GENEVA — The European Union is set to request formal consultations with China by the end of the week on two textiles and apparel categories — flax yarn and T-shirts — triggering safeguard quotas after two days of talks in Brussels failed to resolve differences, senior EU diplomatic sources said Wednesday.

A spokeswoman for EU Trade Commissioner Peter Mandelson confirmed, “In the next few days, and certainly before May 31, the Chinese side understands that we will request formal consultations.” But the spokeswoman said talks will continue and that the goal of Brussels remains “to reach a negotiated settlement.”

The EU has been under pressure from French President Jacques Chirac and other political leaders from textiles and apparel-producing countries to act to stem the surge in imports from China that has resulted from the end of the global quota regime on Jan. 1.

A senior EU official familiar with the talks between Mandelson and China’s Vice Minister of Commerce, Gao Hucheng, said, “The Chinese did not offer anything, they were noncommitted. They are deliberately playing for time. They did not even come forward with figures.”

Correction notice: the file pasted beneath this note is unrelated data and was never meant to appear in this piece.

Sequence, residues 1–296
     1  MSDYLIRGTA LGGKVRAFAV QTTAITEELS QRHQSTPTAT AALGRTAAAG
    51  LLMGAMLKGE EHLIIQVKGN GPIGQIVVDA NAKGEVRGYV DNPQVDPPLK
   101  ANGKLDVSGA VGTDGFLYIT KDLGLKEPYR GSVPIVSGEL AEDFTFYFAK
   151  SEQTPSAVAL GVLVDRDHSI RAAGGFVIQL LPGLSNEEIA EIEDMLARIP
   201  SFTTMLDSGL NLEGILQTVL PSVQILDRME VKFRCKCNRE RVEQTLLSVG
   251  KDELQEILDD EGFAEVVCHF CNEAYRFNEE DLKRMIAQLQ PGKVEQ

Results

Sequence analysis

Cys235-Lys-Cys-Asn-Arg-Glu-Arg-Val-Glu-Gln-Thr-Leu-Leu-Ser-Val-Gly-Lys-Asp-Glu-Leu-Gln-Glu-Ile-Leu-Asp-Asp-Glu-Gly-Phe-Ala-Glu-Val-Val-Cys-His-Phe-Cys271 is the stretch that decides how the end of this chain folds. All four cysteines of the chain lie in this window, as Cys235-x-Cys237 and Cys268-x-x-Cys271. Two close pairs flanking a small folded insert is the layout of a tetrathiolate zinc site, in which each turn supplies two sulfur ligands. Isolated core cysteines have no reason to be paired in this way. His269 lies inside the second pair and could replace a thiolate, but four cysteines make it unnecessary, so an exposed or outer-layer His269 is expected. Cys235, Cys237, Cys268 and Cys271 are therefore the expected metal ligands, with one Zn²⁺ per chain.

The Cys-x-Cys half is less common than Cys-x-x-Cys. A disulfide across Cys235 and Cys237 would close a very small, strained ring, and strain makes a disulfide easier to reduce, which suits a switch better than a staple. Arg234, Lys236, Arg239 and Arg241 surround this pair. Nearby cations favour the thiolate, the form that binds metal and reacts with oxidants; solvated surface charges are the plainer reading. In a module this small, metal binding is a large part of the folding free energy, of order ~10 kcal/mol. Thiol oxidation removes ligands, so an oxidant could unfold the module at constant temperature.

China considers the safeguard moves by the EU and the U.S. as protectionist and a deviation from the spirit of the market-opening package deal it brokered when it joined the WTO. According to Chinese media reports, Beijing also has threatened to scrap the recent decision to hike export taxes on 74 textiles and apparel categories by as much as 400 percent if Brussels and Washington put into action the special safeguards.

Under the terms brokered when China joined the World Trade Organization in 2001, after a safeguard is imposed, China must limit the growth levels in the categories in question to 7.5 percent above the amount entered during the previous 12 months.

On May 15, the EU reported that, in the first quarter, imports of Chinese T-shirts increased 187 percent and flax yarn gained 56 percent.

This story first appeared in the May 26, 2005 issue of WWD. Subscribe Today.

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